MMORPGs have changed compared to what they used to be. They are now much more story driven, providing the player with a rich immersive story, but are we losing the core aspect of MMORPGs because of it?
Player Versus Player is your bi-weekly debate column where two MMORPG writers come head to head to discuss the issues you care about. Taking the podiums this week:
Chris “Fine Being a Hero” Coke - Chris enjoys an epic storyline. In the words of Enrique Iglesias, he can be your hero, baby.
Ryan “More the Merrier” Getchell - Ryan believes the future of MMOs look bleak if they continue down the path of creating a single hero story lines.
Ryan: Hello Chris, glad to have you here this week. I want to discuss something that has always bothered me: The God Complex, where the stories in MMORPGs have the player basically becoming a god within the world, performing tasks that no other person is able to do. Maybe it’s to defeat the main antagonist, someone who according to the story is this person of immense power and everything everyone else has done has failed. So they task you to go and kill him using powers you’ve obtained and more than likely learned from a trainer -- which means they are more powerful than you since they’re teaching you!
MMORPGs are suppose to be social games, yet the God Complex is removing that aspect. You can’t be the hero if your friend or a group of people are also heroes. Do you agree that the God Complex is something that should stay in single player games and should have never been introduced into MMOs?
Chris: Hi Ryan! Well that’s a doozy of a question. I’d have to say I disagree but with a caveat. The God Complex is definitely something that’s gone too far but you have to respect the spirit behind it. MMORPGs want you to feel like the hero. That’s fun! I think what we’re about is the part of our brain we have to shut off when the NPC says “Hail, Hero!” then turns to the next guy to click him and immediately spouts off the same “Hail, Hero!”. It’s weird. But then again, I kind of like being my own personal Frodo. Don’t you?
Ryan: It’s not just about the NPCs calling everyone Hero, it’s the story lines. Why am I so much more powerful than, say, you or any other player. Like I said, there are trainers in the game that teach you everything you need to in order to defeat these bosses. Yet they can’t and they continuously speak about how powerful the antagonist is. It makes no sense. Couple this with story lines in MMORPGs being soloable, not requiring you to join a party or anything to complete it. Even if they made it require groups to complete things, allow me to create a group filled with NPCs so I can still in a way solo it. I play MMORPGs to be social and play with like minded people. I like being my own personal Frodo like you say, but in single-player games, not a game where I’m playing with other people, a game where I’m supposed to be just another person within the world.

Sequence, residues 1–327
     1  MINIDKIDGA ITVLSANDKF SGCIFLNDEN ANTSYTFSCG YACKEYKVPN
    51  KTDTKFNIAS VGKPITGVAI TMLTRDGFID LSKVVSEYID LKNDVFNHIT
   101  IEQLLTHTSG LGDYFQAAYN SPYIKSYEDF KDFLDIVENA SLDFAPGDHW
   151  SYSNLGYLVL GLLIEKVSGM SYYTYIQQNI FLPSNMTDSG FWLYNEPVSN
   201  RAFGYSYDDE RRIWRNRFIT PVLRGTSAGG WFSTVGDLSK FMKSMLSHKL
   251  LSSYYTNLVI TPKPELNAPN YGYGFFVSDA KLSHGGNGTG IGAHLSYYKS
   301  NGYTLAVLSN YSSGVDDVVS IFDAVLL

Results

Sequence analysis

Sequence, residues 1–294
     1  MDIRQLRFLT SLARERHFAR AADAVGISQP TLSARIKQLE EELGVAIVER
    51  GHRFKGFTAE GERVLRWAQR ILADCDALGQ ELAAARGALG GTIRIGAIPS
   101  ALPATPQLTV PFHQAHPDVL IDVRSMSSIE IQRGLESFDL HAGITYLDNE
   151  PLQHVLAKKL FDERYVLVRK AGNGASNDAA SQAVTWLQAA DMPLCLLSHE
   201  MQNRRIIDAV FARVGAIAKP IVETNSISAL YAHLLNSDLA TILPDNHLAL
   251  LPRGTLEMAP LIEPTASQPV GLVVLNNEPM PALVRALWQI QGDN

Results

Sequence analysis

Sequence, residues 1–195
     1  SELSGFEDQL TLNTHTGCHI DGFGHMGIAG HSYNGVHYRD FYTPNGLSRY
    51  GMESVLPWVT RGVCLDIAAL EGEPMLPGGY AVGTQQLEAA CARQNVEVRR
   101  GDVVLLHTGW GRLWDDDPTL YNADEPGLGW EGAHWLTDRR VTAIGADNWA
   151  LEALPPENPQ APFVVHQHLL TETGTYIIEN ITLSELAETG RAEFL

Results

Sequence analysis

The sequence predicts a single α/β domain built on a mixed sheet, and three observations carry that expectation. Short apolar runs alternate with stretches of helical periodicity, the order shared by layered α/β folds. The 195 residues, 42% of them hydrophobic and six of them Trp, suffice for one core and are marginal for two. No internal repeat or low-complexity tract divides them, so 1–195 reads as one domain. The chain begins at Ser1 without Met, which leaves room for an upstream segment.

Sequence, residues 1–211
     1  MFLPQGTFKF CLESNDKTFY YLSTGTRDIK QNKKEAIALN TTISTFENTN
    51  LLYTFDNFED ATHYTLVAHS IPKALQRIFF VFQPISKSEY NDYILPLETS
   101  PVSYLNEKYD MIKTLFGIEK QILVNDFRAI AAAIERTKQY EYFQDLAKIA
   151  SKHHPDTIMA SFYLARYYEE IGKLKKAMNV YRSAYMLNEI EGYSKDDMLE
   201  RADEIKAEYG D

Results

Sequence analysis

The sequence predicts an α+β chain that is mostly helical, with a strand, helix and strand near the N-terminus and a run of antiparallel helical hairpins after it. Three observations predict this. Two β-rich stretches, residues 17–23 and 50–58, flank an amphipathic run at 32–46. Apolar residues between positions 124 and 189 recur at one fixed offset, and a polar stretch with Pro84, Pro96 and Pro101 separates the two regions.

Chris: Well, that’s the thing. I don’t mind the hero story lines because I don’t want to be just another person within the world. No matter what role I fill, I want to be exceptional somehow. If I’m a crafter, I want to be a renowned crafter. If I’m an adventurer, I want to save the world from evil. If I’m… well, you get the point. My question is why those things have to be mutually exclusive. Can’t I run through a hero storyline, with all of its epic beats (because epicness is what developers are going for, I think), and still be social with other players? Would it be better if you could turn your back on it and be that low key person or is it the existence of this type of gameplay that bothers you?